Flyers

Wayne Simmonds returns to where it all began in first All-Star appearance

Wayne Simmonds returns to where it all began in first All-Star appearance

It took the better part of nine seasons for Wayne Simmonds to become an NHL All-Star.

Once a very raw rookie with the Los Angeles Kings, he will make his way back to the city where it all began on Friday.

Unlike Jakub Voracek, who left Columbus as a Blue Jacket then returned for the All-Star Game as a Flyer, Simmonds doesn’t feel his career will be validated this weekend just because he’s been recognized as one of the game’s best stars.

Yet he does feel it took going cross-country for people to give him a second look.

“Yeah, I definitely think coming to the East Coast allowed people to see my game,” Simmonds said this week. “People kind of watch it more than they do on the West Coast.

“When you play at 10:30 every night, people don’t get to see what you bring out there. I guess you could say it’s validation.”

Simmonds, along with Brayden Schenn, came to the Flyers from the Kings a day before the 2011 NHL draft in exchange for Mike Richards.

Unlike so many players acquired in trades, Simmonds’ career has been one of shooting upward every season as a Flyer, regardless of who’s been coaching him.

This season, he is unquestionably the Flyers' MVP. He had the game-winning goal Wednesday night against the Rangers in New York. His 10 power-play goals are tied for second in the NHL.

He scored on Thursday against Toronto, giving him three straight games with a goal. His 21 goals also lead the Flyers.

“The day he was named our All-Star representative,” coach Dave Hakstol said, “I remember saying I can’t imagine a better player or person to represent the Philadelphia Flyers and what we’re all about.

“Wayne has earned it in every area — off the ice, on the ice. I’m sure he’ll be proud to head back to L.A. for the All-Star Game and he should be.”

Simmonds posted a career-high 32 goals last season and should eclipse his career-best 60 points this year, not to mention his goal output, as well.

Remember Scott Hartnell? Not as much as you used to, right? That’s because Simmonds is the guy who replaced Hartsy in the paint on the first-unit power play and plays a regular role on a top line.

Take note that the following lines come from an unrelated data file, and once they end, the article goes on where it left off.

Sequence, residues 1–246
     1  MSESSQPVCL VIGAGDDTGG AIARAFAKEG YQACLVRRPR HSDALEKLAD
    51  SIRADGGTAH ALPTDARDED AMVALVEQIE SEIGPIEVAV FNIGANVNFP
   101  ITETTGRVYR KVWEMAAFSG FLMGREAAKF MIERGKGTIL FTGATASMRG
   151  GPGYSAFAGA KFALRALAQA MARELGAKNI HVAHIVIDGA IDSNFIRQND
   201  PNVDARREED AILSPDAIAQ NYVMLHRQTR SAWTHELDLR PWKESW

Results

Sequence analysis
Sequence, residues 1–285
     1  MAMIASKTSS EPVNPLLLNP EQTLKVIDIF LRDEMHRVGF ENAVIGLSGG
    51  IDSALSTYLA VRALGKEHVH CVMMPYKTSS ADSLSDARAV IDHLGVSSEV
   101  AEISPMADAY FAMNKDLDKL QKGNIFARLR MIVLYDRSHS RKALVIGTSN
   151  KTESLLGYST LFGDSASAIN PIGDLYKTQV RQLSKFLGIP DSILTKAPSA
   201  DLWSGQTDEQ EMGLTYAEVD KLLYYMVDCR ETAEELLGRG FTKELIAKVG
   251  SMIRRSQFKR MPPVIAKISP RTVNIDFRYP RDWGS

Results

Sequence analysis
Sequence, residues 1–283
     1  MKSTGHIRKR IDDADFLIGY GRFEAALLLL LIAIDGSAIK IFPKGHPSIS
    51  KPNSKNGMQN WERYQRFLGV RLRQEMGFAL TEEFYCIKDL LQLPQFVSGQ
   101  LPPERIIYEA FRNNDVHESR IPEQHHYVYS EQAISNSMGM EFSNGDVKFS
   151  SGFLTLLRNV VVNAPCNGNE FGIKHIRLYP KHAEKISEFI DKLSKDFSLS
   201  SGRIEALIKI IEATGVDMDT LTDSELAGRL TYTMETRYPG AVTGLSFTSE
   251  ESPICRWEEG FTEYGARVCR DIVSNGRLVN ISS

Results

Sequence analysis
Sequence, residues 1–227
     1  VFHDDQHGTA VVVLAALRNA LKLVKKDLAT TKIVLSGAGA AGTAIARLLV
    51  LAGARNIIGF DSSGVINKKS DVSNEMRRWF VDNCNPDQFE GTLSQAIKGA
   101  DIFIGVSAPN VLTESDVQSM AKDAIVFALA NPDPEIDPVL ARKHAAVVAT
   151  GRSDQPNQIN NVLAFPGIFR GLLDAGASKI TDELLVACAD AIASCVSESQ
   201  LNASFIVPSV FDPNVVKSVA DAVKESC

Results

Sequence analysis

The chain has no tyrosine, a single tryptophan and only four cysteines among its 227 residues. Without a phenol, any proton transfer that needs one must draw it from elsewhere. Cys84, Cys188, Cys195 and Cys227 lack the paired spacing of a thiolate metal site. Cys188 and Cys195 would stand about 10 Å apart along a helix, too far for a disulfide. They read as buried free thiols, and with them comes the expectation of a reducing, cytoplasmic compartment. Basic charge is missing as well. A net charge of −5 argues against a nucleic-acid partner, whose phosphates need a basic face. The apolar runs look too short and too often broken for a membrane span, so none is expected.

“Obviously, way bigger role,” he said, looking back. “Went from a checking-line guy to an offensive guy and kind of coming back to being that full 200-foot player. It’s an evolution.”

Hakstol added to Simmonds’ role this season by using him on the penalty kill, something he had not done since his first year in L.A.

Simmonds logged 1:26 shorthanded minutes in the first period against Toronto and used the momentum of a big four-minute challenge by scoring a goal on his first shift off the kill at even strength (see story).

Hakstol added that role this season after speaking with assistant Ian Laperriere, who runs the penalty kill.

“I think we talked about a lot of different things with him,” Hakstol said. “It was Lappy who thought he had a lot of good attributes to be a penalty killer.

“I think he does. He skates well. He has a very good stick. He is very competitive. Probably the biggest thing, he wanted to be on the penalty kill. I think this year he has shown that he takes a lot of pride in it, and that’s a big part of killing penalties. You have to take pride in that role.”

It all goes to Simmonds’ comfort level here and that didn’t happen overnight. He hid his emotions well when he first arrived as a 23-year-old.

“I was pretty down after being traded,” Simmonds recalled. “Your first organization. The team that drafted you and cultivated you and most of your game. It sucks. You have friends there, roots you built in the community. Bonds that formed.”

People reached out to tell him what the Flyers were all about — how Ed Snider treated his players as family, not just employees, how everything here was top notch.

In many ways, the Flyers from the get-go have always operated as if they were an original six and not part of the league’s first expansion.

“To come to an organization like the Flyers, I knew they were a first-class organization,” Simmonds said. “A lot of guys [in L.A.] had come from Philly. [Gave me] a lot of good insight about Philly. Didn’t take me long to realize that Philly was awesome and a first-rate organization to go to.”

As sometimes happens with trades, Simmonds first heard of it through the Flyers when then-general manager Paul Holmgren called him.

“Homer called me and I was at my uncle’s cottage in PEI,” said Simmonds, referring to Prince Edward Island. “My [cell] reception there was shoddy. Talked to Homer a bit, got my information on the flight.”

Ron Hextall, the Kings' assistant GM, was next, followed by GM Dean Lombardi.

“Not much was said between me and Hexy and Dean or I,” Simmonds said. “Thank you for what you’ve done. I appreciated the chance I got in L.A. Just moving on."

During the six years here as a Flyer, Simmonds said he’s never had a chance to chat with Lombardi and thank him for giving him his first NHL job.

That may or may not happen this weekend in L.A. Simmonds is hoping it does.

“We haven’t had the opportunity to sit down and have an actual conversation,” he said. “He did a lot for me. Obviously, gave me an opportunity. To make the team as a first-year pro. I was 20. I definitely have an appreciation toward him.”

Simmonds became engaged during the recent bye week. His fiancé, Crystal, will accompany him this weekend.

“Obviously, it’s pretty cool,” he said. “I started dating her my last year I was in L.A. She got out there one or two times. This is a chance for her to enjoy it.”

And as much as Simmonds would like to reacquaint himself with the town a bit, he can’t.

“No plans,” he said. “I got my schedule from the All-Star committee and it’s pretty much that.”

Flyers 6, Rangers 4 (preseason): Youngsters continue push for jobs